Officials: Hoaxes no laughing matter

Edward Michel, right, FBI assistant special agent In charge, Houston Division, joins local law enforcement leaders Thursday at the Brazos County Administation Building in Downtown Bryan for a news conference launching #ThinkBeforeYouPost, a program emphasizing awareness of the consequences of posting hoax threats.

In response to several threats made toward area schools in recent weeks — and a broader climate including mass shootings in Texas and beyond — the FBI and numerous local law enforcement personnel gathered in Bryan on Thursday morning for a news conference designed to encourage the public to help deter threats made to schools and other public spaces. 

Led by the FBI, a coalition of safety entities launched a new public awareness campaign titled “#ThinkBeforeYouPost: It’s Not A Joke” at the County Administration Building. 

“We need the public’s help and parents’ help and teachers’ help. Public safety is paramount,” said Ed Michel, the FBI assistant special agent in charge based in the bureau’s Houston office. Michel said that there have been five threats toward public spaces in the Bryan-College Station metro area in recent days, with 20 more occurring in the Houston area. 

Brazos County Sheriff Chris Kirk said clues and indicators exist in advance of most acts of mass violence. Kirk said that he is sometimes asked about the difference between law enforcement treatment of a juvenile or an adult who makes a threat of violence. 

“There is none,” Kirk said. “A dangerous threat is a dangerous threat, and it’ll be approached by law enforcement as such regardless of the age of the perpetrator.” 

Kirk also said that Crimestoppers and an app called P3Tips provide people with avenues to report concerning or suspicious behavior and/or rhetoric to law enforcement anonymously. 

“The school kids in Brazos County can use that app to share anonymously any information that’s going on on their campus,” Kirk said.

Multiple speakers uttered the refrain undergirding the campaign and called for teachers, parents, family members students and friends to internalize the notion that Internet hoaxes and other threats are no laughing matter.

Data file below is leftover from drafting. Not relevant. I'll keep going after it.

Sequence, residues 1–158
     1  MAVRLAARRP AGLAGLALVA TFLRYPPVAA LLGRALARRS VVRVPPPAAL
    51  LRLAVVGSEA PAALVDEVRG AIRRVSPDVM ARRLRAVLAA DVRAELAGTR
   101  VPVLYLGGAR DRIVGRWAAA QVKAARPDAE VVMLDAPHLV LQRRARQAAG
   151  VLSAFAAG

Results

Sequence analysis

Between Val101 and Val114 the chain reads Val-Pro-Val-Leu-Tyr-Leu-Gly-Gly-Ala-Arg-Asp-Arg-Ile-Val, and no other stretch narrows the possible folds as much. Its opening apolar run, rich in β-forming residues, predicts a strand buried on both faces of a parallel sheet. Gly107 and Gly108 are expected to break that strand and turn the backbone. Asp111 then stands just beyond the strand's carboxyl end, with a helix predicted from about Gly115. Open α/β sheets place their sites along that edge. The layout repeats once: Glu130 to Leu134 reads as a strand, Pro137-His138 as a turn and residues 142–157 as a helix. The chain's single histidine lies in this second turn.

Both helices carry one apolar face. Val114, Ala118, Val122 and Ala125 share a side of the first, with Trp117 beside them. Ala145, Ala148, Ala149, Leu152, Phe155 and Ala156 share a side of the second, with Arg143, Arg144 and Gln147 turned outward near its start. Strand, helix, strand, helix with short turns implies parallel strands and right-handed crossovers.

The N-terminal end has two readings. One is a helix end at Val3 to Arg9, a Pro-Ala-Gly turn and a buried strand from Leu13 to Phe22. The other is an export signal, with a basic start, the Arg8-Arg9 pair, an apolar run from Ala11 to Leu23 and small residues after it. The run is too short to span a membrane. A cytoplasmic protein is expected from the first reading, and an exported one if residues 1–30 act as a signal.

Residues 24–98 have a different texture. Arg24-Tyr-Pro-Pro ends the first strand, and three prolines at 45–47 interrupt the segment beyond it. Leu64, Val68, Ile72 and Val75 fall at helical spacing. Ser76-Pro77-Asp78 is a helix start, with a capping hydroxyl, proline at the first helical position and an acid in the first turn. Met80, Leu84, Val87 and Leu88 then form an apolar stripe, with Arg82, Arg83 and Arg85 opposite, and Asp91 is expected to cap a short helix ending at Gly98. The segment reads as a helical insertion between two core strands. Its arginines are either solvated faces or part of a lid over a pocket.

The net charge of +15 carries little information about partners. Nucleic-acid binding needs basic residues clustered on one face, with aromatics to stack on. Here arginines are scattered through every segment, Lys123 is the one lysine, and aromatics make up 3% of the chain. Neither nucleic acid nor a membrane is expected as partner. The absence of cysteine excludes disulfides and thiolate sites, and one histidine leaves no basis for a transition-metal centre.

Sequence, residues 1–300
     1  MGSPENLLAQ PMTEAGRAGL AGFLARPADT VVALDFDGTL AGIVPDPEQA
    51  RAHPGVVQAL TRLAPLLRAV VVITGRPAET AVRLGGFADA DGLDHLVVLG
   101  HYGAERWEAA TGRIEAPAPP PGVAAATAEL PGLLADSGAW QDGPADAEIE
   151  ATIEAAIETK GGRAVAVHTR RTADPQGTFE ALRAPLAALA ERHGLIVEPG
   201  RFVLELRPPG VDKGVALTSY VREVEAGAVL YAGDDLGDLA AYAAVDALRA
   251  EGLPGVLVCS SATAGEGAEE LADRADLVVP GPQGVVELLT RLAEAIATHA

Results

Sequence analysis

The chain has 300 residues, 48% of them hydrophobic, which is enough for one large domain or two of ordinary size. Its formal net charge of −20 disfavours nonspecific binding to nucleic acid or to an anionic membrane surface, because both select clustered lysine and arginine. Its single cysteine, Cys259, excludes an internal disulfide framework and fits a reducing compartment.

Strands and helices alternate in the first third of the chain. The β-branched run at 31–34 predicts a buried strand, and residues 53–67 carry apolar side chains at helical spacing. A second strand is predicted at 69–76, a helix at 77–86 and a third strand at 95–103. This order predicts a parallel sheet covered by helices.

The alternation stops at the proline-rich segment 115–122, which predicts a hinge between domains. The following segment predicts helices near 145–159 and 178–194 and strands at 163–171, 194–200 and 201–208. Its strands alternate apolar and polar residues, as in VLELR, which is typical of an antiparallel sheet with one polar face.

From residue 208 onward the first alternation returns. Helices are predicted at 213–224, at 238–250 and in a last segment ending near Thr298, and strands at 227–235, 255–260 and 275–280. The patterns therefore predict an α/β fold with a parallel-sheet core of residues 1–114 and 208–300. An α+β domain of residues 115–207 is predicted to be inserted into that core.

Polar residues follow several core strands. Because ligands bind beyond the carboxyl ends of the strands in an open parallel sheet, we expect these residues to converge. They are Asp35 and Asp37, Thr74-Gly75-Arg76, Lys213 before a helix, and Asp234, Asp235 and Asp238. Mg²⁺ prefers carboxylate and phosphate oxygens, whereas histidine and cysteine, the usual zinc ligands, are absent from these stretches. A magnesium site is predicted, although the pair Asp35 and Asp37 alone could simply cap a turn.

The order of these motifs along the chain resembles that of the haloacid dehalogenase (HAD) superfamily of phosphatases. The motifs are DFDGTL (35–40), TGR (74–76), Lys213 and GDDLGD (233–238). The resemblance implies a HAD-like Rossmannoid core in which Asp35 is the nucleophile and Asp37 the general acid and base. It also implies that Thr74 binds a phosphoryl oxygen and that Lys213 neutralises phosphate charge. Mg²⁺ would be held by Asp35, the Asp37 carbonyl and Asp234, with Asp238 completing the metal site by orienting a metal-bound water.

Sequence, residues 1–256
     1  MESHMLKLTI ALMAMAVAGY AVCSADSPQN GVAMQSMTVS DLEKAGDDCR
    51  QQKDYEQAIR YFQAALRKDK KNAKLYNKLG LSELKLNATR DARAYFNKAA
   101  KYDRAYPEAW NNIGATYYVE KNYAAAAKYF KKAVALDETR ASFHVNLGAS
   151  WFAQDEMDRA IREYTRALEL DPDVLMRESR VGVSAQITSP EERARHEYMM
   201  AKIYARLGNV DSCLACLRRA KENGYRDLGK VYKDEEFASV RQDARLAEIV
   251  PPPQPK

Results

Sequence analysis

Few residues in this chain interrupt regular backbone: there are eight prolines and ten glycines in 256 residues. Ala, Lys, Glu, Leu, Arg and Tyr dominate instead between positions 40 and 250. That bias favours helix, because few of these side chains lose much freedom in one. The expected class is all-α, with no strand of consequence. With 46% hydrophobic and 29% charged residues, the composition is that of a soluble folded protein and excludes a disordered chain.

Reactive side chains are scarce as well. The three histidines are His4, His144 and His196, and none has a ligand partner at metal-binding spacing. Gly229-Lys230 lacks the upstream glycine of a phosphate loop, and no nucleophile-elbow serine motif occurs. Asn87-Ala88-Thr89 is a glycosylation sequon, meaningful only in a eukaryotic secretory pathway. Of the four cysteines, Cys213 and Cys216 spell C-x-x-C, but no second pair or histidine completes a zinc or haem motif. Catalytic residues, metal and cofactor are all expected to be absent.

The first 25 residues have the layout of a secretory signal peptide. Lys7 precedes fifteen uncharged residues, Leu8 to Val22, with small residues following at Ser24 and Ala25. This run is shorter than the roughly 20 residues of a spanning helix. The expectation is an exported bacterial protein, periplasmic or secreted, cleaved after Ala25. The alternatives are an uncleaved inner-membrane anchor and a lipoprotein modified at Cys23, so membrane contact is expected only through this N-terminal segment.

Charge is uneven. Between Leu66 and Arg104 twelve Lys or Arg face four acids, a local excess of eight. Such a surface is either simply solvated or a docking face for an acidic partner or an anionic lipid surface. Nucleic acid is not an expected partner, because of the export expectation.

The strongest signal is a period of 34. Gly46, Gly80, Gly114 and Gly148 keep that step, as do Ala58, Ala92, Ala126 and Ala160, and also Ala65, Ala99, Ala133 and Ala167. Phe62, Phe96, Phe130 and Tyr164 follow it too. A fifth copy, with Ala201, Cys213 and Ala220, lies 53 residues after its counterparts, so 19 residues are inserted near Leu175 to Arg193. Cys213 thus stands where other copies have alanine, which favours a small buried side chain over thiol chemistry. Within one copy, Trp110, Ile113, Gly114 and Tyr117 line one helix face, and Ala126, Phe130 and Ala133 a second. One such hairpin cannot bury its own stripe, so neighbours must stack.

Brazos County District Attorney Jarvis Parsons said that “whether they are joking or not, we take these threats seriously, and we will do everything in our power under the law to hold these offenders accountable.” 

“Our country — and Texas in particular — has been victimized by individuals who have hurt and killed innocent civilians,” he said, citing recent mass shootings in the state. “We all feel it, because if one Texan suffers, we all suffer. ... No one deserves to think that the school they entrust their children to will become a war zone, and anyone who makes those threats, joking or not, will be subject to the full penalties that the law will allow.” 

Ryan Patrick, U.S. Attorney for the Southern District of Texas, said that the penalties for making threats are more severe than most young people realize, and that trying to get out of a test or pull off a prank is not worth the consequences. 

“If you make a hoax and you end up in federal court, not only is it a felony, but we also have the ability to recover all the expenses that these law enforcement agencies put out to handle these threats,” Patrick said. 

Eric Buske and Scott McCollum, who serve as police chiefs for Bryan and College Station, respectively, delivered remarks encouraging residents of their cities to be diligent and to come together and work with law enforcement to ensure public safety. 

“The key here is that we’ve got to engage our children,” McCollum said. “We are responsible — as parents, as family members, as teachers and as friends to engage those who may be in trouble and engage those who are being inquisitive or trying to be funny. They depend on us to try and understand where those boundaries are.” 

Michel also thanked a representative from the Lamar Advertising Company, which has donated billboard spaces in and near College Station for the #ThinkBeforeYouPost campaign. 

Blinn College Assistant Chief of Police Jennifer Taylor said after the news conference that students at Blinn, through online study groups, friend groups and in other ways, have worked to report concerning behavior or shared thoughts quickly. 

“Fortunately for us, the students who have come to Blinn have done an excellent job reporting,” Taylor said. “I would say that a year or two ago, people were a little more shy about reporting, but we have now that when people make comments, they are calling.” 

Taylor said that Blinn College has a Behavioral Intervention Team that allows people to anonymously submit concerns to bit@blinn.edu if they are concerned about someone’s behavior, stress levels or other form of communicated struggle. 

“We are trying to intercept them before they do something they regret — before they make a post or before they hurt somebody or themselves,” Taylor said. “It started out as a suicide prevention line, but it’s turned into everything.”

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